I’ve been an educator for 14 years, over a third of my life. When I first began, even as a lowly graduate assistant, I had near autonomy in the classroom. There were basic course guidelines, but virtually all of the design was left to my discretion, from day to day instruction to essay prompts. The rationale was that in the marketplace of ideas, effective educators would thrive and the rest would weed themselves out.
For the first couple of years, I struggled to find my stride. Like most young teachers, I thought my job was to cover as much ground as I could. Then, I figured out on my own that students learned much more if I focused on essential fundamentals and strove for quality in those basics. My real job, as I learned, was to teach people how to teach themselves.
I hope it doesn’t come across as too arrogant to say that for many years, I was a great teacher. Dozens of students came back long after my class was over, when there was no incentive to do so, and thanked me for helping them succeed in college. I’m deeply proud of the work I did and the lives I touched.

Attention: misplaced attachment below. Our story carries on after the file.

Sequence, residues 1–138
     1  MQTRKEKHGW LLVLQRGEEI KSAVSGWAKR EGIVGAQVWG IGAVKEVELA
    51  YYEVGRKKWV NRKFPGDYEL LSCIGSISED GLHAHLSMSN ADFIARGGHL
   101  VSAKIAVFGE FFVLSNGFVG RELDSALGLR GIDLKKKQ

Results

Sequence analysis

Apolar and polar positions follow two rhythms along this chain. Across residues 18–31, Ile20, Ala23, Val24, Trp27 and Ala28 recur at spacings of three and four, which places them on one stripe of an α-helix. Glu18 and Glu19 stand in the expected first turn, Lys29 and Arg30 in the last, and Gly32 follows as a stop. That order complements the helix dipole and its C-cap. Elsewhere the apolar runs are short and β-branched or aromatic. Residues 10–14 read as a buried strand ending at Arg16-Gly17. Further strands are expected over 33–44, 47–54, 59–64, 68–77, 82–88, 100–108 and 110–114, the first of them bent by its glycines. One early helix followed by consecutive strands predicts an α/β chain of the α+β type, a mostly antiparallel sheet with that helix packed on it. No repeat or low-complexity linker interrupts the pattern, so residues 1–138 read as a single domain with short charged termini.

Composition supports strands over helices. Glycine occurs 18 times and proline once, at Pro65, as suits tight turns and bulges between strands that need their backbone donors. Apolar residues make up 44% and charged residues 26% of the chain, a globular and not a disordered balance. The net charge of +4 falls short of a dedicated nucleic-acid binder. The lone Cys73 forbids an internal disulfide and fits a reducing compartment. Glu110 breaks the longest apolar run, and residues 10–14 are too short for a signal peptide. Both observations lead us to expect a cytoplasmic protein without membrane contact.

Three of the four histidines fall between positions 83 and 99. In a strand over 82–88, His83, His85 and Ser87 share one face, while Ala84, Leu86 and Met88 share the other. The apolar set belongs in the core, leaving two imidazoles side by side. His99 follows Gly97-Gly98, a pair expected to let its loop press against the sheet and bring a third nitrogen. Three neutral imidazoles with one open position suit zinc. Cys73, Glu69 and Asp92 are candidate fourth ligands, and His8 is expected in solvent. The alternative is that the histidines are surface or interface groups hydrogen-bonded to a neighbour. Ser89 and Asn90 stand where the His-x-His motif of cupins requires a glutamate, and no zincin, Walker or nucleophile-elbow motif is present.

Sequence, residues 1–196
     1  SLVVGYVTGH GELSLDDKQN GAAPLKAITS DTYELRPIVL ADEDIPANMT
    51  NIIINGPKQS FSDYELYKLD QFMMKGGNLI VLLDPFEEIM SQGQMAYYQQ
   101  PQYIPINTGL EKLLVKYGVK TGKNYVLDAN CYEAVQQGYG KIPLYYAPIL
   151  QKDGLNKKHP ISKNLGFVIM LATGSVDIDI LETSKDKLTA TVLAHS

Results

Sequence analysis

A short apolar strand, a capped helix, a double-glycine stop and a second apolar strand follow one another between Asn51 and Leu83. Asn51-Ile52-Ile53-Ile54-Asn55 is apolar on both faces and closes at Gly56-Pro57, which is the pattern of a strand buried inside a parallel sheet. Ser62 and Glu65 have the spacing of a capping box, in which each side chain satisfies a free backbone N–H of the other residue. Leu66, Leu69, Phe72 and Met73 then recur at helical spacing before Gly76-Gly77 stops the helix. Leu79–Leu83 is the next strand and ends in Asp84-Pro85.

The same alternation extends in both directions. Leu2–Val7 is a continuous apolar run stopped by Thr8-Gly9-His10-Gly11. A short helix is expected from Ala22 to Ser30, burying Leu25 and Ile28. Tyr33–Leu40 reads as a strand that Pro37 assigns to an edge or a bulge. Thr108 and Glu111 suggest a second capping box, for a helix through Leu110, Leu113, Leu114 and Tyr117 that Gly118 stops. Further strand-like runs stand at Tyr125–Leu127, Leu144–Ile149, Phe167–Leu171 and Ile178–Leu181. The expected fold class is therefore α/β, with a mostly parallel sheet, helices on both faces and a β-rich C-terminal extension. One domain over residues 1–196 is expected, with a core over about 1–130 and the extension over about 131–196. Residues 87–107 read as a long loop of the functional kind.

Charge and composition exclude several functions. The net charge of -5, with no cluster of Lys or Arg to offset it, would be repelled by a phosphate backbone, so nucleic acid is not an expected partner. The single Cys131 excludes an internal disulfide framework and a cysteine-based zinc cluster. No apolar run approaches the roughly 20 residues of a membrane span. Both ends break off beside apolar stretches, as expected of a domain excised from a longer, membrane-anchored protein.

Today, I’m a shell of that person. The system has burned me out and used me up. I still try to give my best, but I simply have little left. I feel it when I try to lecture, when I grade, when I trudge out the door dreading each day. There are numerous reasons for my burn out, and I’ve written about them quite often. One of the biggest, however, is the slow erosion of autonomy.
Each semester, the state dictates more and more of what we do in the classroom. Each semester, we have less authority over what and how we teach. The trend is toward homogeneous curriculum. In theory and on the surface that sounds reasonable, but anyone who knows anything substantive about education should be able to tell you that the key to effectiveness is adaptation to specific student needs based off specific instructor strengths.
I hate hating a job I once loved. I miss leaving the house each day thrilled that I get paid to share my knowledge and passion for a subject I adore. I miss getting to work one on one with students, knowing not only their names but their specific writing deficiencies, too. I miss feeling like what I do actually matters.
Today, we as educators are stuck between bureaucracies that see us as disposable, replaceable commodities and students who see us as obstacles to success. There simply aren’t words to convey the sadness, frustration, anger, and sense of betrayal I feel over what has been done to my profession.
Part of me wants to hang on for one more year to have my retirement vested. It’s not much money, but it’s enough that I’d like to have it. Part of me wants to walk away today. All of me recognizes that I have to get out soon. My primary goal and focus has always been to write, and somehow I have to make that happen now. I’m not sure how I’ll break through the locked gate, but somehow, I must. There simply isn’t any way I can continue in this system under these conditions.